Baby boom hits Emergency Room; 17 employees expecting babies this year
Fourteen nurses, two doctors and a social worker walk into an Emergency Department. They're all pregnant.June 12, 2019
Some (but not all) of the Emergency Department employees who are expecting: (L-R) Courtney Allen, RN; Jennifer West, MD; Suzanna Jones, RN; Hillary Slusser, RN; Kate Aguilar, RN; Peyton Miller, RN; Brittany Holt, RN; Amanda Brown, LMSW; and Erin Tenneriello, RN. Photo courtesy Hillary Slusser
When Hillary Slusser, RN, of Vanderbilt’s Adult Emergency Department posted recently on social media the exciting news that she was expecting her first baby, she had no idea so many of her work friends were sharing similar news of their own.
In fact, what she discovered was that a full-fledged baby boom is underway in the Vanderbilt University Medical Center Emergency Department (ED).
“I have even had patients ask if there was something in our water — and then asking if they can have bottled water instead.”
“By the time I found out I was pregnant, there were five of us expecting, and before you know it, there were even more. Now there are 17 of us pregnant at the same time.”
Seventeen. All due between July and December.
The soon-to-be moms on the ED staff include one social worker, two doctors and 14 nurses. While this group of employees works different shifts and has different work responsibilities, they all have the same condition — baby on board.
A few adjustments are necessary to make sure that everybody remains safe and healthy.
“We take every precaution, making sure these [employees] are protected during traumas, getting them out of a patient room when necessary, and keeping them from being exposed to X-rays,” said Corey Slovis, MD, professor and chair of Emergency Medicine.
But even in this serious work environment, having a departmental baby boom underway can lead to lighter moments.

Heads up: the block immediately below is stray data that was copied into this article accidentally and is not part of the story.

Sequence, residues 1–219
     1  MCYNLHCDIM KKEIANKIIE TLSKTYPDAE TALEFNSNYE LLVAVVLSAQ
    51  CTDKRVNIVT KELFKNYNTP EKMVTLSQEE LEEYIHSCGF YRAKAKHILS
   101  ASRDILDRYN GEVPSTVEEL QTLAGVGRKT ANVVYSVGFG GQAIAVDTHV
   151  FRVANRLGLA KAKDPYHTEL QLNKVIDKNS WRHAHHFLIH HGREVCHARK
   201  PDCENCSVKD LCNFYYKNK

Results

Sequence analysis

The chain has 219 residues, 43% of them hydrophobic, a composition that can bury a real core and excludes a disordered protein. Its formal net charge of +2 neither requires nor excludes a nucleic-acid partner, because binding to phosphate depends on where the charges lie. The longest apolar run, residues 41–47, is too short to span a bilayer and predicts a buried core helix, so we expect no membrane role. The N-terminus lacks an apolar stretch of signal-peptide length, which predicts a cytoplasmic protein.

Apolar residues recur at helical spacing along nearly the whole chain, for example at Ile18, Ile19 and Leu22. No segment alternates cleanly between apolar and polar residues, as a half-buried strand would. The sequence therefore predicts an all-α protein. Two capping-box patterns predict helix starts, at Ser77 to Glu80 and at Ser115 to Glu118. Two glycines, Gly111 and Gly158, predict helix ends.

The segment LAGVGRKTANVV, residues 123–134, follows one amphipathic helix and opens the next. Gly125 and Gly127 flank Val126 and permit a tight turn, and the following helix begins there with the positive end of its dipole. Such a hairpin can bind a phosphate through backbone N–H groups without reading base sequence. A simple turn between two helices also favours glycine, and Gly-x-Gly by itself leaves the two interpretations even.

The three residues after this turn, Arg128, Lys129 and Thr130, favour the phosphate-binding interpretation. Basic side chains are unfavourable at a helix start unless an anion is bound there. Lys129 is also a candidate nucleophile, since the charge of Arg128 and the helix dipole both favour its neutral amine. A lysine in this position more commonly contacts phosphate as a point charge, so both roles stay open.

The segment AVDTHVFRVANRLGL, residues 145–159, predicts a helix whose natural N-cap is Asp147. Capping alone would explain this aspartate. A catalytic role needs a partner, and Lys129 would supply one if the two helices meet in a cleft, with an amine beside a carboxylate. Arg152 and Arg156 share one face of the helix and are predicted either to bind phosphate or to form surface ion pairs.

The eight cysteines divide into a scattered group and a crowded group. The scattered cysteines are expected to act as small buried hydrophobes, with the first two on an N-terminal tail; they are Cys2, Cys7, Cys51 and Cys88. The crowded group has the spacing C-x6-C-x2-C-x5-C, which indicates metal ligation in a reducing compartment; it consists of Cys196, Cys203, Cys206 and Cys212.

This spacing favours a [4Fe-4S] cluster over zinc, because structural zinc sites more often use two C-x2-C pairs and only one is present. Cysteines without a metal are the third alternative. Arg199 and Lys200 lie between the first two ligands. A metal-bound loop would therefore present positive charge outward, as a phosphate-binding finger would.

“There is a lot more laughter nowadays,” Slovis said. “In fact, I keep hearing ‘What’s in the ED’s water?'”
“I have even had patients ask if there was something in our water — and then asking if they can have bottled water instead,” Slusser added.
Slusser organized a group photo and most of the pregnant staffers managed to be in the same place at the same time — not easy for people who work different days, hours and shifts.
“I did it to capture this moment in time because our department is very large, but we’re very family oriented so for 17 of us to be pregnant at the same time, it’s really special,” she said.
While the mothers-to-be are planning their nurseries and making all the adjustments that a new baby will bring to their homes, the department is planning and adjusting, too. All the new moms will take time off to be with their babies, but patients to the ER will still be covered.
“They’re already starting to prepare for [coverage],” Slusser said. “They sent us an email the other day asking us our due dates and how long are we taking off, so they can prepare for 17 of us to be out,” said Slusser.
“Everyone has been super supportive,” said Merakka Calderon, RN, one of the enceinte contingent. “Everyone we work with checks on us to make sure we’re OK. They even bring us food from time to time. Bringing us snacks is the best part of it all.”